How to Support Families Who Have Adopted Older Youth from Foster Care

Children adopted at an older age are typical children plus some.

Sarah M. Baker November 15, 2015
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It’s often hard to understand or relate to adoptive families if you have no exposure to a family that is brought together through nontraditional methods. Adopting through foster care adds its own set of challenges that many people do not understand.  If you have a friend or family member who is considering adopting, or has adopted, an older youth from foster care, here are some ways you can support that family.

1. Be patient.

The family who has adopted an older youth from foster care may need alone time to build a close family bond together. It can be very challenging to mesh together a family with people who all have different habits, expectations, and upbringing. It takes time to work through these differences and find a new routine that works for everyone. While you may want to swing by and meet the new addition(s) to the family, it can be very overwhelming to the new child, so allow them to let you know when you can visit, what you can do and how long you can stay.

2. Offer to help.

Taking in and adopting an older child, the new parents may not get a baby shower thrown for them, but that doesn’t change the fact that the child likely came to them with very few belongings. They’ll need new clothes, school supplies, and bedroom décor. And while the family is adjusting to growth, meal planning may be a challenge.  Gift cards, hand-me-downs, meals, or other gestures to help relieve some of the stress can be a huge help!

3. Change your expectations.

Don’t expect the child to feel grateful for their adoption placement. While they may very well be grateful to have found their forever family, they are also experiencing the loss of their birth family and possibly a foster family they grew close to. A new home and environment can be very exciting and overwhelming to a child.

4. Don’t interject your opinions.

Children adopted from foster care often come with challenges that will take time to overcome. Trauma, neglect, abuse, loss— the reason they were placed into foster care will likely have an effect on them. Don’t expect them to be perfect all the time. And don’t make comments to the new parents about negative behavior you deem unacceptable. Trust me, they saw it too and are working on it with the child; they don’t need you to point it out to them. It takes time to unlearn bad habits and adjust to a new set of rules. If you are a person who wears your emotions on your face and you struggle with children who sometimes act out, you may want to just steer clear, for your sake and the new family’s.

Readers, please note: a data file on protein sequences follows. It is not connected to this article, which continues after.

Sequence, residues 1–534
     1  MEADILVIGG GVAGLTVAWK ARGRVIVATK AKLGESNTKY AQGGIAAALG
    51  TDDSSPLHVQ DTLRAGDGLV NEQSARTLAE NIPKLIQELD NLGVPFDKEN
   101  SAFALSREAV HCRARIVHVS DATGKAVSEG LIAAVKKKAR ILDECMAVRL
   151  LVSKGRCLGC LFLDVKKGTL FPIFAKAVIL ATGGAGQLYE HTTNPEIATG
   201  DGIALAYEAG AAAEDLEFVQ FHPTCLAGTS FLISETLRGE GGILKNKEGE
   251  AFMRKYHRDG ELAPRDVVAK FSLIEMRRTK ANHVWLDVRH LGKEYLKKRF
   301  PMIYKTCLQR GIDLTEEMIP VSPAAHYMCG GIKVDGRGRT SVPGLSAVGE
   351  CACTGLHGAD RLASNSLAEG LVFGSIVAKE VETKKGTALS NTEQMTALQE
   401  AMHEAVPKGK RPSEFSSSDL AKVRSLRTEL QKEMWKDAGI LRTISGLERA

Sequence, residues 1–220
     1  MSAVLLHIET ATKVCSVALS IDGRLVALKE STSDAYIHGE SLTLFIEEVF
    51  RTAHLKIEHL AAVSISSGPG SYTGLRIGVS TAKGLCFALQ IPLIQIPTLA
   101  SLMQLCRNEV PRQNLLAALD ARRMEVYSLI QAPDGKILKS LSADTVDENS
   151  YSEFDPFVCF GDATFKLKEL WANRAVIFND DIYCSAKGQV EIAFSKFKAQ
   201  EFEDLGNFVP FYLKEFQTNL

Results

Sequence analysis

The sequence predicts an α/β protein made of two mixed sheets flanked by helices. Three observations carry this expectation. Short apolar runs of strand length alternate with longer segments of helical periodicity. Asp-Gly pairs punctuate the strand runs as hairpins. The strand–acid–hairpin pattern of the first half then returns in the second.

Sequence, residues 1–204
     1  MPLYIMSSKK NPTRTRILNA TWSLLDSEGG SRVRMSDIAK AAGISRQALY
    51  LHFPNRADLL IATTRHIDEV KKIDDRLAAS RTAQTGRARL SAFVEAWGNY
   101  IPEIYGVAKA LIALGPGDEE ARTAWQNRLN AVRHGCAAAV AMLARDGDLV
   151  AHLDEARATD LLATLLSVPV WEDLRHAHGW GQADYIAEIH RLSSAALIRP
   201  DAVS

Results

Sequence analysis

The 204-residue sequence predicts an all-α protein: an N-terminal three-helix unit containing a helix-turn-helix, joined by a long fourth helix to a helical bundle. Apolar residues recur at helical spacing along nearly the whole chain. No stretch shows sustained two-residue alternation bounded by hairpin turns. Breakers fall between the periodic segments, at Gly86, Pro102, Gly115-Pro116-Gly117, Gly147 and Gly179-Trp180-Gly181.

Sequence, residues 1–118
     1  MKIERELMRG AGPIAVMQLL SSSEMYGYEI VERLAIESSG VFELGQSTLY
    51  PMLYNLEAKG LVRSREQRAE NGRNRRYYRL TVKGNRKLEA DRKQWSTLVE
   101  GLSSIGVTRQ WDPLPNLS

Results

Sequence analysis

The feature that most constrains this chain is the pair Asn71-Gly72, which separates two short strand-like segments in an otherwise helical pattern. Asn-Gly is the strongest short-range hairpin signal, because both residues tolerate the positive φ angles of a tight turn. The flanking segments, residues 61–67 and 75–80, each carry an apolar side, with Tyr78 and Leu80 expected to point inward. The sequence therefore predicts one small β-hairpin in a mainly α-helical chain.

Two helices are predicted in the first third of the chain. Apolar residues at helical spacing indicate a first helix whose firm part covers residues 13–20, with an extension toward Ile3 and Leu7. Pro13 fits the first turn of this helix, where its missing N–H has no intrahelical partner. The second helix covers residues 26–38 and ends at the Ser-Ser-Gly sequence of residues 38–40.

5. Get educated.

The best way to support a new family who grew through adoption is to learn more about adoption, and specifically their type of adoption. There will be many dynamics the average person doesn’t understand, and adoptive families understand that. But having to explain things to everyone can be very exhausting and frustrating.  By reading this, you are taking the first step in learning about adoption, but don’t stop here.

Adopting an older youth from foster care can be very challenging, rewarding, emotional and life-changing. Doing your best to understand the unique dynamics of an adoptive family will help you and support the adopting family in their journey.  Be respectful of their new family and realize there will be an adjustment period that has no time limit.

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Sarah M. Baker

Sarah is a Staff Storyteller for Adoption.com and passionate about teaching others the power of open adoption. She is very active in the adoption community, where she spends a lot of time advocating as the founder of Heart For Open Adoption. She is the mom of two boys in addition to parenting her niece. She is a mother biologically and through domestic infant open adoption. Sarah promotes adoption education and ethical adoptions. She and her husband were featured on Season 2 of Oxygen’s “I’m Having Their Baby,” which tells the story of their first adoption match failing. Sarah hopes to bring her personal experience to you and help anyone who wants more information about adoption to find it with ease. Though it was once a taboo subject, Sarah hopes to make adoption something people are no longer afraid to talk about. You can learn more about Sarah and her family on her blog.


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